Tags and collars are a good start—they are certainly better than no ID at all—but they are not 100 percent dependable. Tags can fade, rust, or get scratched and be impossible to read. Collars can tear or slip off, or even worse, get caught on something while your pet is wandering in the wilderness and hurt or kill him. With microchipping, on the other hand, a veterinarian injects a tiny computer chip—about the size of a grain of rice—just under your pet's skin, between the shoulder blades. Then the number on the computer chip is entered in an international database, like the Central Animal Registry or PETtrac. If your dog or cat is found, any animal hospital, shelter, or humane society can use a microchip reader to read the unique ID number contained on the chip. The veterinarian or worker then calls the database, or accesses it on the computer, and enters the number given off by the microchip. The database matches the number to your name and phone number. The chip cannot be lost or damaged, and it lasts for the pet's lifetime.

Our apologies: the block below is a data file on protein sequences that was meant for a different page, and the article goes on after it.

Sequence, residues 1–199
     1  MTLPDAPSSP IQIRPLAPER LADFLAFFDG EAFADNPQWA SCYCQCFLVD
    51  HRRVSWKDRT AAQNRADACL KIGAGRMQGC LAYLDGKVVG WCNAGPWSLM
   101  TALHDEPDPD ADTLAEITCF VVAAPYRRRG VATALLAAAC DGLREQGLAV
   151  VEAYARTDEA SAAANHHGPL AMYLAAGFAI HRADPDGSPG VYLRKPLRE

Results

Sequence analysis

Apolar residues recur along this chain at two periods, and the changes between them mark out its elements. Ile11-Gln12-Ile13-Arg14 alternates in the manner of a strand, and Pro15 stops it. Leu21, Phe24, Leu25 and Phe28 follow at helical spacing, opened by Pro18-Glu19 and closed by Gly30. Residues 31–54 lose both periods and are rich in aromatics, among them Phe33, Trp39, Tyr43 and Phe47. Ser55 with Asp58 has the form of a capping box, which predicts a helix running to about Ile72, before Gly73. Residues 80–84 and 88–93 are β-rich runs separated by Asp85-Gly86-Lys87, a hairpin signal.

The microchip is convenient, safe, and reliable, but it still is not as popular in the US as it is in Canada and Great Britain. Though many veterinarians and animal shelters are actively working to inform their clients about microchipping, there are still a number of myths keeping pet owners from microchipping their pets.

 

The myth: The implantation procedure is too expensive.

 

The truth: While the price can vary from one veterinarian to another, it often falls between $25 and $40. A lot of veterinarians will charge even less if they perform the implantation at the same time as another procedure, like spaying, neutering, or dental work. It is a one-time fee; the chip never needs maintenance or replacement. There may be a fee, generally under $20, to enter your pet's ID number in a database, and there may be a small fee for changing your address, phone number, or other contact information in the database. Still, microchip identification is cheaper than making flyers, calling around town, and taking time off work to find a lost pet.